Drone Footage of Blockade Runner Shipwreck off Cape Fear Coast - "Bendigo" - High Quality

Oct 25, 2017
I searched but did not find this … I apologize if this was posted before and I missed it:
The Bendigo, a 178 ton, iron-hulled paddle wheeler (thought to be originally named Milly), was 162 feet long, 20.1 feet wide, and 10.9 feet high.

Published on May 4, 2018

The remains of Blockaders and Blockade Runners litter the Cape Fear Coast. These wrecks attest to the ferocity of our nation's only internal conflict. There have been several highly publicized incidents lately involving local boaters striking the unmarked remains of a Civil War wreck in Lockwood Folly Inlet. These incidents have damaged several vessels and caused the indirect loss of one life, thus bringing this topic to the forefront.

It is the USS Iron Age, a Union Blockader, that according to locals is the wreck that is causing most of the problems. In order to understand the wreck of the Iron Age, we have to look at the entire story. It is the story of the Elizabeth, the Bendigo and the Iron Age. Together they are forever wrapped in the sands of Lockwood Folly Inlet.

The Blockade Runner Elizabeth on her 8th run through the blockade was the first to meet her fate in Lockwood Folly. The 216 foot, 623 ton sidewheel steamer left Nassau on September 19, 1863, bound for the port of Wilmington carrying general cargo consisting of mostly steel and saltpeter. On September 26, twelve miles from Fort Caswell and aground and in trouble, she was set afire by her Captain to avoid capture.

The Blockade Runner Bendigo cleared the port of Wilmington around December 11, 1863, bound for Nassau. They were no doubt feeling confident in their abilities to evade the Union forces after completing her second successful trip through the Federal lines surrounding the Cape Fear Coast. The Bendigo, a 178 ton, iron-hulled paddle wheeler (thought to be originally named Milly), was 162 feet long, 20.1 feet wide, and 10.9 feet high.

A representative from the North Carolina Department of Natural and Cultural Resources (DNCR) later identified the steamer in the footage as BENDIGO, "a side-wheel, iron hulled blockade runner lost in Lockwood's Folly Inlet.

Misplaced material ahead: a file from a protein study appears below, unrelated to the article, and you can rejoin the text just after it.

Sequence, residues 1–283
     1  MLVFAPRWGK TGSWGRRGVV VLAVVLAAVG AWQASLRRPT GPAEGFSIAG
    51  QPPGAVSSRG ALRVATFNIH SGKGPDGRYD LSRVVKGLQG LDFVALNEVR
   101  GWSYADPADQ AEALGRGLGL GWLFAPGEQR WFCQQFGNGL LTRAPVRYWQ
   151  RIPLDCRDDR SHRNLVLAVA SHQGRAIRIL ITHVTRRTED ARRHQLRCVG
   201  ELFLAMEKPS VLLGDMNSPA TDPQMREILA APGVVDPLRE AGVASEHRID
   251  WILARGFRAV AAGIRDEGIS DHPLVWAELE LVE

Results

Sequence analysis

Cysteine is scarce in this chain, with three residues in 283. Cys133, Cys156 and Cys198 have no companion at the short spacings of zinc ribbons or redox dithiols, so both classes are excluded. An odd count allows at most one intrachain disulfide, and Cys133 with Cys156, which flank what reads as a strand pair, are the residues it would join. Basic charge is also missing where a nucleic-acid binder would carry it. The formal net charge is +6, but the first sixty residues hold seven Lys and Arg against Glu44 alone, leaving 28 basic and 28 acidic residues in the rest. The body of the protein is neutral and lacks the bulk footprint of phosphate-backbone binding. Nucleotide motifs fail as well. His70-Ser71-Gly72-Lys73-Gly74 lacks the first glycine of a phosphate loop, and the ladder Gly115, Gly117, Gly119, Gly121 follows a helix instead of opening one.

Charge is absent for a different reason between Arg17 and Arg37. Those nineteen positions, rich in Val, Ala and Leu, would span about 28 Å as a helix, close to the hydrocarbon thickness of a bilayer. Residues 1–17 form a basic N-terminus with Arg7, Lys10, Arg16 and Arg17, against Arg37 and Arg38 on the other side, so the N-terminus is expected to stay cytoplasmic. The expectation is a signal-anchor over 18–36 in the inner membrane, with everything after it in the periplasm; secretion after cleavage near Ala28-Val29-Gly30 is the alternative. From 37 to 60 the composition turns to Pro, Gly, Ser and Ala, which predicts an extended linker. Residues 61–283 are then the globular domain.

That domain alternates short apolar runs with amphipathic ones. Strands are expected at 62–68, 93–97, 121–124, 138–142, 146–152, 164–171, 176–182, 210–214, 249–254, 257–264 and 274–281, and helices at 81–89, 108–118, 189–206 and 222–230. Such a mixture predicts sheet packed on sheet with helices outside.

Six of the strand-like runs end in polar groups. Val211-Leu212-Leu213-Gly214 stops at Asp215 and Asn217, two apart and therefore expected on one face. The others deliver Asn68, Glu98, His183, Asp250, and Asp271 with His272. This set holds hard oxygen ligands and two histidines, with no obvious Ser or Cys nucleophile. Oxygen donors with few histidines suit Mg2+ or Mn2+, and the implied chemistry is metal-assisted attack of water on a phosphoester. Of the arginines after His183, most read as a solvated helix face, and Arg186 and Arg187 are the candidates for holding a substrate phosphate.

She said that two other vessels -- the runner ELIZABETH and the Union warship IRON AGE -- are also lost in the inlet. All three wrecks have been "well-known since the 1960s" and are "occasionally uncover[ed] due to active depositional sediment transport in the inlet," she added.

Separately, in 2016, researchers with the North Carolina DNCR found a submerged Civil War-era steamer which is “believed to possibly be the remains of one of three blockade runners used to penetrate the wall of Union naval vessels blocking the port of Wilmington during the Civil War,” the organization said at the time.

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Brev. Brig. Gen'l
Retired Moderator
Aug 17, 2011
Birmingham, Alabama
USS Iron Age (1862)
In late 1863, the Confederate blockade runner Elizabeth ran aground just off of Holden Beach in the Lockwood's Folly Inlet. In January 1864, the Confederate blockade runner Bendigo, returning from the port of Nassau with critical supplies for the Confederacy, saw the wreck of Elizabeth and thought it to be a Union warship. Following the tactics of the day, Bendigo attempted to pass at full speed between enemy and the shore. This resulted in Bendigo running hard aground. The captain of Bendigo recruited the help of the locals on Holden Beach and was able to salvage the supplies of the vessel. Following this, the captain set fire to Bendigo and abandoned ship. Within a few days, Iron Age and USS Daylightwere ordered to the Inlet to attempt to float Bendigo, but Iron Age ran hard aground at 0900 on 9 January during the attempt. After untiring efforts to lighten her failed, she was put to the torch at 0400 11 January 1864 and was destroyed 1 hour and 40 minutes later when her magazine exploded. Several days later locals from Holden Beach and the surrounding area would row out to the wreck in an attempt to salvage anything of value. Neil Holden, a Confederate soldier and descendant of the Holden Beach's namesake, claims to have found a razor blade in the captain's cabin of USS Iron Ageand has passed it down for several generations. The razor has stayed in the Holden family since the Civil War.​

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